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GENETICS IN NEUROLOGY

JAMA. 1967;199(4):270. doi:10.1001/jama.1967.03120040080016.
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The heredodegenerative diseases of the nervous system remain a confusing group of disorders, lacking an adequate system of classification. The rarity of many forms makes comprehensive study difficult. Overlapping clinical features in some families with disorders such as Charcot-Marie-Tooth disease, spastic paraplegia, and hereditary ataxia have produced additional confusion and have led to the frequent suggestion that such disorders fall on a continuum and are the result of a single genetic defect. Unfortunately, no laboratory methods are available to detect heterogeneity in families clinically and genetically indistinguishable.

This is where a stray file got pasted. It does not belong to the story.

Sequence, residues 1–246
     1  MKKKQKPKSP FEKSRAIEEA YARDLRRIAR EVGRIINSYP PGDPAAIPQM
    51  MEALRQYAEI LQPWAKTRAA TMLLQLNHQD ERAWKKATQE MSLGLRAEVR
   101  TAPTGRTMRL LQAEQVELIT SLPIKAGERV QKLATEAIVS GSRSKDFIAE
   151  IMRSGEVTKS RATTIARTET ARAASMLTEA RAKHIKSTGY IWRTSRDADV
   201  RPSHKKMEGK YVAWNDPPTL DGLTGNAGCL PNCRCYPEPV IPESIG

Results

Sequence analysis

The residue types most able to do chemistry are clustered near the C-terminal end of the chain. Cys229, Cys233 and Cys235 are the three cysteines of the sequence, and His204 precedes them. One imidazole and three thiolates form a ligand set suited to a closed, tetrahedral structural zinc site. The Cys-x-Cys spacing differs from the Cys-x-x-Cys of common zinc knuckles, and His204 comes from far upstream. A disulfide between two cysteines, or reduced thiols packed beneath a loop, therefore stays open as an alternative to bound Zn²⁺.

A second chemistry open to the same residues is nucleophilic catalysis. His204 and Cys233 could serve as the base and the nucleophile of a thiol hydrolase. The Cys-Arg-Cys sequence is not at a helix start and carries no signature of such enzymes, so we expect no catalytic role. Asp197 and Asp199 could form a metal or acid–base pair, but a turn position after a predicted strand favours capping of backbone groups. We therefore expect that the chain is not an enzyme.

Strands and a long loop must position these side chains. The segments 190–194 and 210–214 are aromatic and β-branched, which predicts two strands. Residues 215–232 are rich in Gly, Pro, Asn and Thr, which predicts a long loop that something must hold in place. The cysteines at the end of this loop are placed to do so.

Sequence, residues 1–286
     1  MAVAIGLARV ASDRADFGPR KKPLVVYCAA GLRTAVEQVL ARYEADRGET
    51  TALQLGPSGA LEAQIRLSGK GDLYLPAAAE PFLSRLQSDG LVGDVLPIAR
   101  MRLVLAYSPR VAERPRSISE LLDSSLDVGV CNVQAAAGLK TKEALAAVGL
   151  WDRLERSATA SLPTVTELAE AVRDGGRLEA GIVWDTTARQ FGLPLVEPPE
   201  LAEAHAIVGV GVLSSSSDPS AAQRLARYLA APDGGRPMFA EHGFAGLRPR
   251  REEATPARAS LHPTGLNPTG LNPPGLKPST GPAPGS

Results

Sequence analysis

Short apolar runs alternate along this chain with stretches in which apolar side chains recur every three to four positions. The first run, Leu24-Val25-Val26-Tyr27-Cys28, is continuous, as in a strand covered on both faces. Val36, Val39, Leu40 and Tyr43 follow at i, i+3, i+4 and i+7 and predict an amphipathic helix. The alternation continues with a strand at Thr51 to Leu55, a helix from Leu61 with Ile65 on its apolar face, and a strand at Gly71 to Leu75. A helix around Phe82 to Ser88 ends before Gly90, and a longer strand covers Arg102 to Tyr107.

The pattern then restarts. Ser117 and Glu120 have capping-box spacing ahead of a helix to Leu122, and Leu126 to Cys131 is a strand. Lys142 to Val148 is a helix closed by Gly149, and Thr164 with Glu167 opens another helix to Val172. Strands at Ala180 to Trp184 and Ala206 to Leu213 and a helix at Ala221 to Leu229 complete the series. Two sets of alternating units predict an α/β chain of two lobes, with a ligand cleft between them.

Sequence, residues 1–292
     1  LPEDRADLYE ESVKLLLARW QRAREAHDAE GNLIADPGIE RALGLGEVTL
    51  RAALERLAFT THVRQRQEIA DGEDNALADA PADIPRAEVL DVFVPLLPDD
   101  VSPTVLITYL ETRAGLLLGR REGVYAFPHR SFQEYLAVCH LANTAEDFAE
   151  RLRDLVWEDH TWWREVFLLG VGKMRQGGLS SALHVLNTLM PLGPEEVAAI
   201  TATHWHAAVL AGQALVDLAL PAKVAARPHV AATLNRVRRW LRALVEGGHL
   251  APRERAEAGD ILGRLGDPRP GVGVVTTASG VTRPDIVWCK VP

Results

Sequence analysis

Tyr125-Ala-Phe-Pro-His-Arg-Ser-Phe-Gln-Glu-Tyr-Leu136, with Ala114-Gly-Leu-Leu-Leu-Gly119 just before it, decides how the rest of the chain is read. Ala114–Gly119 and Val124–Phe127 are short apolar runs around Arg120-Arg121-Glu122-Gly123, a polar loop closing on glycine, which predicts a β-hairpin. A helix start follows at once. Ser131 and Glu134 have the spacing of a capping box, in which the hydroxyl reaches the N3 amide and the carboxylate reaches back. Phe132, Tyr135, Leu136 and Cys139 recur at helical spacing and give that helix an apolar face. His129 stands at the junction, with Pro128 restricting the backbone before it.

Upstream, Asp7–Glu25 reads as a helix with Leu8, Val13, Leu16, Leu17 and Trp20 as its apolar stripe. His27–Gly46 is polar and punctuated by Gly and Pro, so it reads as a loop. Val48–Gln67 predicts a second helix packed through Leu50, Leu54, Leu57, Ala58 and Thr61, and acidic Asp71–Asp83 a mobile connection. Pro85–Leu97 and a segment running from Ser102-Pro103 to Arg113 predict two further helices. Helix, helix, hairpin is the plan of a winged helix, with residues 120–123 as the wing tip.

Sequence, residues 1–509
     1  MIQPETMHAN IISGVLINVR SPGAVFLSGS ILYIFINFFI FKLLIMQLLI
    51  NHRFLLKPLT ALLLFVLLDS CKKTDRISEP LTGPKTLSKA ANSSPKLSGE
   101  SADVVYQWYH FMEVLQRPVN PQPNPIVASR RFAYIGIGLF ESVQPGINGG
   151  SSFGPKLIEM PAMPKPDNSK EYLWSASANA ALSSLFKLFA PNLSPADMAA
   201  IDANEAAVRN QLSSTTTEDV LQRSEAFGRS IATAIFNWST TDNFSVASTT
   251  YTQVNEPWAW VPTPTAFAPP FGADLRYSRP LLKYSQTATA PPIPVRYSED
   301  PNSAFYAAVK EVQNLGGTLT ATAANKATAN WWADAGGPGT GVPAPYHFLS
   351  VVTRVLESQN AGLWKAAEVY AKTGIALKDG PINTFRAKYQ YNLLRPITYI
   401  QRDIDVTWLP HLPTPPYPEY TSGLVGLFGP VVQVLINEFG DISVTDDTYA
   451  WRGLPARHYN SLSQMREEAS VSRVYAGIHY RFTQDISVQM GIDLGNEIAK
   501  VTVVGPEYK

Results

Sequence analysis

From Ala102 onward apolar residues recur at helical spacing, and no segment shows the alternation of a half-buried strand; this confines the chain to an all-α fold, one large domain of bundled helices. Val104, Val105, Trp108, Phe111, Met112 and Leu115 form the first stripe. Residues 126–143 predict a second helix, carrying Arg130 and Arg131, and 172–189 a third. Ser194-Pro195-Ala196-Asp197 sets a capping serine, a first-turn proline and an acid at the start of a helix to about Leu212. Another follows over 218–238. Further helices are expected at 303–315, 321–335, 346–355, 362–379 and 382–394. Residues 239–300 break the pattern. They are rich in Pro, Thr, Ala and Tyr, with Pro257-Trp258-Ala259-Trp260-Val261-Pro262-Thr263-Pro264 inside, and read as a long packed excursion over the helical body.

However, genetic analysis can make useful nosological contributions in certain clinically homogeneous disorders. No unitary biochemical defect has been found with more than one mode of inheritance. Therefore, clinically indistinguishable families with alternate modes of inheritance must ipso facto be heterogeneous in pathogenesis. For example, there must be at least three types of spastic paraplegia, Charcot-Marie-Tooth disease, and muscular dystrophy, since each may

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